News-Tipping Washington Power Breakfasts Go Online at The Christian Science Monitor and

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Deal between The Christian Science Monitor and creates weekly video series that puts Web viewers in the room with Beltway news makers and top journalists at Monitor Breakfasts. 44-year-old event has featured Presidents and Vice Presidents, tipped off major news stories, and influenced high-profile careers. Highlights of the timely meetings are free; full videos are subscription-access.

The Christian Science Monitor is now at the forefront of online video in terms of selling subscriptions, pushing distribution across multiple platforms, and promoting this one-of-a-kind a weekly event

The Christian Science Monitor and today debut online videos of the weekly Monitor Breakfast, a 44-year-old tradition where Washington news makers meet unscripted and on-the-record with top journalists. This new partnership brings a pivotal resource to the public in a way that only online video can, and gives a wide audience the chance to get ahead of the news.

Same-day highlights of The Monitor Breakfasts, which invite top journalists on short notice to ensure timeliness, are available free at and Full-length videos of each Breakfast can be viewed for $14.95 monthly or $99.95 annually. These may be accompanied by advertising sponsorships. Advertising sponsorship opportunities consist of pre-roll video within the videocasts on both Web sites and standard ad units on the video page of the Monitor Web site.
"The Christian Science Monitor is now at the forefront of online video in terms of selling subscriptions, pushing distribution across multiple platforms, and promoting this one-of-a-kind a weekly event," said Blaise Zerega, CEO of "The Monitor Breakfast is the type of gathering that online video can bring from the confines of a meeting room to a worldwide audience without losing its intimacy or immediacy."

For 44 years, Monitor Breakfasts have been the source of defining and dramatic news stories. For instance, in 1991, then-Governor Bill Clinton and his wife, Hillary, came to Breakfast to discuss their marital problems for the first time. It became, in effect, a dry-run for their famous 60 Minutes interview - and helped preserve his viability as a presidential candidate. And in 1995, Speaker Newt Gingrich complained about being made to exit through the rear of Air Force One while on a presidential trip. Some say his Breakfast comments helped trigger the subsequent government shutdown.

In all, four presidents, five vice presidents, and thousands of Beltway power players have been guests at Monitor Breakfasts. At the first event in 1966, Illinois Senator Charles Percy tipped off reporters to his Presidential run. Recent guests have included House Speaker Nancy Pelosi, White House Chief of Staff Rahm Emanuel, Senate Majority Leader Harry Reid, House Minority Leader John Boehner, Democratic strategist James Carville, U.S. Trade Representative Ron Kirk and U.S. Postmaster General John Potter. A highlight video of recent Breakfasts is available at .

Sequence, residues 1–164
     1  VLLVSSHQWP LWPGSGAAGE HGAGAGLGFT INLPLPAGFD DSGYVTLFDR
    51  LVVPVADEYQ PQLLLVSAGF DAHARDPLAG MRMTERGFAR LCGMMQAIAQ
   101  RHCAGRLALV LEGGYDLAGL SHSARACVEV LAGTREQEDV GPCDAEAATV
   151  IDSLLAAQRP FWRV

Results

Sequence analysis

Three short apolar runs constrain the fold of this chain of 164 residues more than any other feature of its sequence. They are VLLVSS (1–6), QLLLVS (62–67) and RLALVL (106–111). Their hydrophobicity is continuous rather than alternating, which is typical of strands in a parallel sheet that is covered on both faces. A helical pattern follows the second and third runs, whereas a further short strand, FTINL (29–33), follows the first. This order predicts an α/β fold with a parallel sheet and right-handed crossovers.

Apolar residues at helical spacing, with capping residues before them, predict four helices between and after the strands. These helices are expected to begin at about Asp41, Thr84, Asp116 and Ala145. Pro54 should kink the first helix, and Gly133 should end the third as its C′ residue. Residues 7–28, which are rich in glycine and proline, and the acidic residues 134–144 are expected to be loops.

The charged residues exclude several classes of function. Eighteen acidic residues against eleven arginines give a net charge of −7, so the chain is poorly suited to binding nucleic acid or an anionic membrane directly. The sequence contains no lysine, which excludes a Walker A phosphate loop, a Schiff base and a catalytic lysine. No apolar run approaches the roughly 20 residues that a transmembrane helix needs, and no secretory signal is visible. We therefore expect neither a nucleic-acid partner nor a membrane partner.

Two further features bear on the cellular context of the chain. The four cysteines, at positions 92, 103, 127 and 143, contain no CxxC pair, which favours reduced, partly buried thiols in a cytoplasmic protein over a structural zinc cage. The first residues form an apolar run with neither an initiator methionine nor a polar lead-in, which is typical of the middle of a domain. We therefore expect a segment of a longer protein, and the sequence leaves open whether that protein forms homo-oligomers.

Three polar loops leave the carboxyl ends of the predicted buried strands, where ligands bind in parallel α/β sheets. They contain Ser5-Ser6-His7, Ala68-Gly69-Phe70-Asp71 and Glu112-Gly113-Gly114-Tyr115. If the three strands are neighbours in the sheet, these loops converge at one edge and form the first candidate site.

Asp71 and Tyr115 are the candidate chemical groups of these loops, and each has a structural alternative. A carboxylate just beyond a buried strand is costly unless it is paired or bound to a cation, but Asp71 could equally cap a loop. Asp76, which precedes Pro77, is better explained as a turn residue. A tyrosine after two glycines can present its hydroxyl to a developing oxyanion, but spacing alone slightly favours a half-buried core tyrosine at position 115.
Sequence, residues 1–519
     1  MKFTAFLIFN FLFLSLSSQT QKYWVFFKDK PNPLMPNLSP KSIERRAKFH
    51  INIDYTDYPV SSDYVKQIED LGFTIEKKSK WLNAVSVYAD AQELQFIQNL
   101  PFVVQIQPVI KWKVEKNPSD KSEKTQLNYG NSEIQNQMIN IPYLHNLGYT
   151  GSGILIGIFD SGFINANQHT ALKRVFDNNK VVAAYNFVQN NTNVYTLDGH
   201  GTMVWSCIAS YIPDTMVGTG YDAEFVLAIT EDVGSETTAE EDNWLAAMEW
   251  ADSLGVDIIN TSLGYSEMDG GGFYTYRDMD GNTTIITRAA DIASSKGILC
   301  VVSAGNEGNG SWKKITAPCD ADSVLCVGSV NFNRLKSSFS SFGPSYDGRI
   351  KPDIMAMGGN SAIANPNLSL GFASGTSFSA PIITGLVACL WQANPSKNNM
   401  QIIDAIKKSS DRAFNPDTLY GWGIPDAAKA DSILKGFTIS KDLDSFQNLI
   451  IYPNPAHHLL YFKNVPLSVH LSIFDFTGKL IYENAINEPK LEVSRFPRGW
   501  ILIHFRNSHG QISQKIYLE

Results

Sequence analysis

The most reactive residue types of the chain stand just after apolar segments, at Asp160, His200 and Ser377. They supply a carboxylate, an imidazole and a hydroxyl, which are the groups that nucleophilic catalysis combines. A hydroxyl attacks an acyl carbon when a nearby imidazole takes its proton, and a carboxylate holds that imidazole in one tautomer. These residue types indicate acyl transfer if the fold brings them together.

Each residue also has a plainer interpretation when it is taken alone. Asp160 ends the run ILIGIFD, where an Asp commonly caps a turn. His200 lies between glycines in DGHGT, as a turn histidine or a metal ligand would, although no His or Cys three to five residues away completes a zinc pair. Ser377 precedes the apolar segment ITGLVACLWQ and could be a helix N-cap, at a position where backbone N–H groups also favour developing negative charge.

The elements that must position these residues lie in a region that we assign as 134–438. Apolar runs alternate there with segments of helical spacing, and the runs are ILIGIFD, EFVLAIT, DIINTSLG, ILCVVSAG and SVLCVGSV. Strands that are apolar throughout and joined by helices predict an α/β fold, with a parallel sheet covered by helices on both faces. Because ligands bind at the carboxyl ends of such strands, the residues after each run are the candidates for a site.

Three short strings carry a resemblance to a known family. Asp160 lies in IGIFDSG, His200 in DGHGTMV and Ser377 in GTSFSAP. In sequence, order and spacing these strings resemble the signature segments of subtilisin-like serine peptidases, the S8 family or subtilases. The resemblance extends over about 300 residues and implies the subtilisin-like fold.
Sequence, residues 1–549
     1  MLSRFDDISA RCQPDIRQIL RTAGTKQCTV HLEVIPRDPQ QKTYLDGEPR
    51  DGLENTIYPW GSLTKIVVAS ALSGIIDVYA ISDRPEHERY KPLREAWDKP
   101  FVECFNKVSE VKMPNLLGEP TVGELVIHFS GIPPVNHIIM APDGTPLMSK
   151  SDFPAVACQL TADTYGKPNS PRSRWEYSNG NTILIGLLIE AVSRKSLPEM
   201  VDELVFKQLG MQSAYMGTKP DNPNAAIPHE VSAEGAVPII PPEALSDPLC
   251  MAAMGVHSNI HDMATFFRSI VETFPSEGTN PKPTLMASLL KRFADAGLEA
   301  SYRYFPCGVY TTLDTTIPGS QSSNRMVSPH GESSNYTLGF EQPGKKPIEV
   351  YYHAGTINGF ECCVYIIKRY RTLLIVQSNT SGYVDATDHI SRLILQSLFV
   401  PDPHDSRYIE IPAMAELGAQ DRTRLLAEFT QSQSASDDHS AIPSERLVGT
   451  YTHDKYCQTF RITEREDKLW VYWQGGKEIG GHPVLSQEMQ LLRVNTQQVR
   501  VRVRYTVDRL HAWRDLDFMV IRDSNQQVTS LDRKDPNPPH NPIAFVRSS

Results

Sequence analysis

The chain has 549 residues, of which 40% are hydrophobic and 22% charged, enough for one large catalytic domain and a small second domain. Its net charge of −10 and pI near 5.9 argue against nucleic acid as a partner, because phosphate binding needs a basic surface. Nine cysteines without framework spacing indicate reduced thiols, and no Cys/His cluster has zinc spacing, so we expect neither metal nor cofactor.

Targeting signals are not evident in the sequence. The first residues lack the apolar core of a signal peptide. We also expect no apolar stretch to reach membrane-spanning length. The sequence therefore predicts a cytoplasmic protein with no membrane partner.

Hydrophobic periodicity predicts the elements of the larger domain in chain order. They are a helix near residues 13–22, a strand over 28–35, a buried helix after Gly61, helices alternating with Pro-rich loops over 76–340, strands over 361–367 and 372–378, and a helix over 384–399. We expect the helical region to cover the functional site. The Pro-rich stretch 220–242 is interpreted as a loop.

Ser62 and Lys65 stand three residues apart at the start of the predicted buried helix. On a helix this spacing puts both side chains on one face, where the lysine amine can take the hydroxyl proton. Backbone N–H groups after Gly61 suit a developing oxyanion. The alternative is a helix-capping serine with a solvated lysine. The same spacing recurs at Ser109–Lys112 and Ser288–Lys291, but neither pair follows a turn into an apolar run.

"We are committed to explaining the news and foreshadowing what's next," said John Yemma, Editor of The Christian Science Monitor. "Online video of Monitor Breakfasts opens access to actual news-making conversations for a wider population of influential people in business, government and media."

The Monitor Breakfasts going online represents the latest in resurgence for The Christian Science Monitor. After publishing an acclaimed daily newspaper for more than 100 years, the organization dropped daily newsprint in favor of online news and a weekly magazine in April 2009. The company has since added a Daily News Briefing, E-mail newsletters, e-reader editions, and more. Its weekly magazine circulation has grown by more than 75% (to 77,000), while monthly website traffic has more than doubled (to 14 million page views).

About The Christian Science Monitor
The Christian Science Monitor is an international news organization that delivers thoughtful, global coverage via its website, weekly magazine, and other platforms. During more than a century of reporting, it has developed a global reputation for thoughtful, in-depth coverage of the world - and won seven Pulitzer Prizes along the way.

About is the leading destination and distributor for smart videos about the people, issues, and ideas changing the world. The company gathers the web's largest collection of unmediated video drawn from live events, lectures, and debates at the world's top universities, think tanks and conferences. Named a Top 50 Web Site by TIME, a Top Education Site by U.K Telegraph, the company has also been covered by Fast Company, The Boston Globe, and many others. was founded in 2005 and is funded by a select group of investors led by William R. Hearst III. is based in San Francisco and can be found at or on Facebook


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